In her book Writing Across the Curriculum in Middle School and High Schools (1995), Rhoda Maxwell states, “Writing is not used in content areas so that students will improve their writing skills, but because students understand content better when writing becomes part of their learning activities.”
We write to learn, to deepen our understanding, emphasize skills and strategies, to deepen thinking, look for clarity of ideas, it even acts as a toolbox for our thinking.
The Common Core State Standards for Literacy in History/Social Studies, Science, and Technical Subjects address the importance of both content and form to develop students’ writing skills. One of the best ways to encourage students to become critical thinkers and strategic learners is to incorporate writing into the content areas. The CCLS place a strong focus on argument writing and informative/explanatory writing. The CCLS call for students to become well-rounded individuals who write different types of texts for different purposes and audiences.
Writing doesn’t just happen in English class, nor should English teachers be the sole teachers of reading and writing. Here are three places content area teachers like science and humanities can help teach writing skills:
The Thesis Statement/Claim – The thesis is the map of an essay. It not only states the argument but also gives an indication of the organization of the essay. All subjects must standardize the need to see one thesis statement in a student’s argument regardless of content.
Evidence – Evidence is the quote, the computation, the data, the statistics, and the findings. Evidence backs up the argument made in the thesis statement.
Commentary – Commentary is individual thought. It is not just about translating the data but also bringing a new layer to the information.
The real goal is to help all students master the knowledge, procedures, and skills of the academic disciplines that run the secondary school curriculum, and which serve as the gatekeeper to success in college, work, and other facets of adult life. Teachers working to improve adolescent literacy instruction must integrate the teaching of reading and writing more fully into academic content areas.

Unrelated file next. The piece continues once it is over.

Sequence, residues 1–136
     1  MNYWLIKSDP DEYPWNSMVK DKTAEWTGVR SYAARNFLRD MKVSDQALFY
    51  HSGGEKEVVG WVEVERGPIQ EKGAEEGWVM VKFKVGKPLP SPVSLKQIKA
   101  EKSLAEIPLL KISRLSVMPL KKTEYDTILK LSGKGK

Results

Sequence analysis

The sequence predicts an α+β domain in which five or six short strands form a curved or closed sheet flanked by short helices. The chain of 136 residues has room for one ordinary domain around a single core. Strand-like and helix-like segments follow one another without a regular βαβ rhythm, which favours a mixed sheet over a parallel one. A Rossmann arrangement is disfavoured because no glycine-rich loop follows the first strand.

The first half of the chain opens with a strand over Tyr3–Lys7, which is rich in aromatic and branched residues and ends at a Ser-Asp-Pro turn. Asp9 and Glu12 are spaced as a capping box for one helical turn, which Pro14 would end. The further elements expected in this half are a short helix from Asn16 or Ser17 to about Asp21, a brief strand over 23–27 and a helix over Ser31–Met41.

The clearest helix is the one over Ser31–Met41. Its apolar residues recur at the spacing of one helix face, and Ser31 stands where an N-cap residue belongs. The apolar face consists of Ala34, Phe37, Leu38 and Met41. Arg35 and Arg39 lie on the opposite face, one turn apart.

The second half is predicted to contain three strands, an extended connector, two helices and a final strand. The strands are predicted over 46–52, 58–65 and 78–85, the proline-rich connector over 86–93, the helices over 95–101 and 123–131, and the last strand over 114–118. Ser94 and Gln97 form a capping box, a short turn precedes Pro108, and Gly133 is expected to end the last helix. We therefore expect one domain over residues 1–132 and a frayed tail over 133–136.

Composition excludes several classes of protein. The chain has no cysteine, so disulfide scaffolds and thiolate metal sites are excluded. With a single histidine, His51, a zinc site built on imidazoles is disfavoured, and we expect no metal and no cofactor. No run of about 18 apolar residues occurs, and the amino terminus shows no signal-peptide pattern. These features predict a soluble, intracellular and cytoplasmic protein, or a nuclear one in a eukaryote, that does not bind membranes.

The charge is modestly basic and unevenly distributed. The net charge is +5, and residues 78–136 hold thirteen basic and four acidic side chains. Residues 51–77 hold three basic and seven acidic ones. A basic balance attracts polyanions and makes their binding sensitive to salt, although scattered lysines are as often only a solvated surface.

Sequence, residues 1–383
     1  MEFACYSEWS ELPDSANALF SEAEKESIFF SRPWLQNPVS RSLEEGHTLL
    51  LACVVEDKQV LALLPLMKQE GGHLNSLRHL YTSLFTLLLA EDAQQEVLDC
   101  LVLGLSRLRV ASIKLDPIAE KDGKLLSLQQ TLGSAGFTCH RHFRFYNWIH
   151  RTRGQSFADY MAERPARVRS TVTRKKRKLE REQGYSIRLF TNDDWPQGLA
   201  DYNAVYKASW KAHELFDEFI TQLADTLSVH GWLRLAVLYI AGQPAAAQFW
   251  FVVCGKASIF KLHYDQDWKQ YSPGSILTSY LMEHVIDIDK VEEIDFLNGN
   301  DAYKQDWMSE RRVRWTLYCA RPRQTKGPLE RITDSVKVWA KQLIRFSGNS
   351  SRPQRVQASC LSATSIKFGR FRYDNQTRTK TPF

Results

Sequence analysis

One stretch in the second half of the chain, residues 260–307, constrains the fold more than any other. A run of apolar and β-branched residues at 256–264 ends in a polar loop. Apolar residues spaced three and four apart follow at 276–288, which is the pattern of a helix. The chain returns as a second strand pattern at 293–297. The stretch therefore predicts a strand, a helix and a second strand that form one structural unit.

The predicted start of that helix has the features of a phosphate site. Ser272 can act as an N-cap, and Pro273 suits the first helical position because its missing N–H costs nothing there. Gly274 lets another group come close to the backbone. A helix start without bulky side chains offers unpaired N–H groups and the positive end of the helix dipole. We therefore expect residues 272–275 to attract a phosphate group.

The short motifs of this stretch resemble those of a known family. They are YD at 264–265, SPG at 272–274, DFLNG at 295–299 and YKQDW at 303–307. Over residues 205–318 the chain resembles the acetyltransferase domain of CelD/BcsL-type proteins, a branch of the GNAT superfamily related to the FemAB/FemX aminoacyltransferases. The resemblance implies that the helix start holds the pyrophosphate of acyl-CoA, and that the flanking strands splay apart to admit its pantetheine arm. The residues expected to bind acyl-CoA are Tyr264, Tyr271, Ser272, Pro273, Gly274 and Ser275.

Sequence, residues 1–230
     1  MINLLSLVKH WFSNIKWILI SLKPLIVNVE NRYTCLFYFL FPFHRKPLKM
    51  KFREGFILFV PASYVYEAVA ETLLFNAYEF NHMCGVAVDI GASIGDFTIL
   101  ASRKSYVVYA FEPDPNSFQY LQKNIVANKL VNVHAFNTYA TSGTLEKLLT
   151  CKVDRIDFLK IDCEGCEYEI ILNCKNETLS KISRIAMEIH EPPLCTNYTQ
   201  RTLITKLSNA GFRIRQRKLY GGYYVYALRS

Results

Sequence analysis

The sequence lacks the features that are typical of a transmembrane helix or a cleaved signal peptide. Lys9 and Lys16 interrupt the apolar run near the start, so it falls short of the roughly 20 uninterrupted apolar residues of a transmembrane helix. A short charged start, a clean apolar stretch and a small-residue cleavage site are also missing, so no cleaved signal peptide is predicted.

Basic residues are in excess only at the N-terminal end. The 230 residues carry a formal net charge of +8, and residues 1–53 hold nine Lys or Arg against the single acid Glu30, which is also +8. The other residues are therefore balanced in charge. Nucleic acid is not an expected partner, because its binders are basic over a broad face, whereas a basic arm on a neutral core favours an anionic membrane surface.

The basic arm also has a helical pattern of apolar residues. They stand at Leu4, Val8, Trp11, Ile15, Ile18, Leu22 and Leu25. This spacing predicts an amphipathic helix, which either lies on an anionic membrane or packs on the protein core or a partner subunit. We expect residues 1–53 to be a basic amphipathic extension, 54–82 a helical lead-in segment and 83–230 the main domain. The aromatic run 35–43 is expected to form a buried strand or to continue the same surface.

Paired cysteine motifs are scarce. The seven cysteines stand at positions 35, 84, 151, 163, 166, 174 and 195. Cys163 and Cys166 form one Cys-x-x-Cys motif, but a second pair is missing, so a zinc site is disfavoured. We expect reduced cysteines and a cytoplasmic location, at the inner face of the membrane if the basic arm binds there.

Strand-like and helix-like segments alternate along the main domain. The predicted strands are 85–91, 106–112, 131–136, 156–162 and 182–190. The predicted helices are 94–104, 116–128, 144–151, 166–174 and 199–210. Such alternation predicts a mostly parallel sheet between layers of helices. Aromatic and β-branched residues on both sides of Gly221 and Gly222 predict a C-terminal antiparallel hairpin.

When teachers take steps to incorporate more writing into the content areas, students begin to deepen their understanding of the steps they are taking to solve problems and to learn. They expand their capacity to answer the “why,” to understand the big ideas, and to see the real-world relevance of what they are learning. Through various literacy-based content activities that are purposeful and meaningful, students develop the skills required to successfully master content and increase problem-solving and critical thinking skills.
Here are 10 ideas to think and apply in any content area and classroom:
Create Reader’s Theater on Mitosis
Debate whether genetically modified foods are safe to eat
Write a research paper and find information Boyle’s Law: The inversely proportional relationship between pressue and volume on a confined gas
Have students write and produce a music video on factoring
Create a screencast the influence of global warming on glaciers
Write a newspaper article on whether your school should invest in Solar Panels on the Rooftop
Start a classroom blog for students to reflect on classroom inquiries
Design a RAFT (Role, Audience, Format, Topic) choice project for students
Write a persuasive letter to your state senator on the first amendment and whether or not to revise the constitution
Have students script and record a podcast on a science topic they want to know more about
The bottom line: Teachers should create assignments for real audiences and with real purpose that require students to read, write, and think critically.
Writing to Learn
Short, exploratory, unedited, & informal writing opportunities
Planned, audience driven, drafted and edited
Charts and Graphic Organizers
Projects (RAFT, Brochure, Webquests, Newspapers)
Make a cartoon strip
Design a questionnaire
Write a play
Create a teacher’s guide
Create a scrapbook
Write a television show script, poem, commercial, song, monologue
Write a letter
Write a press release
Design a slide show, Prezi, or Screencast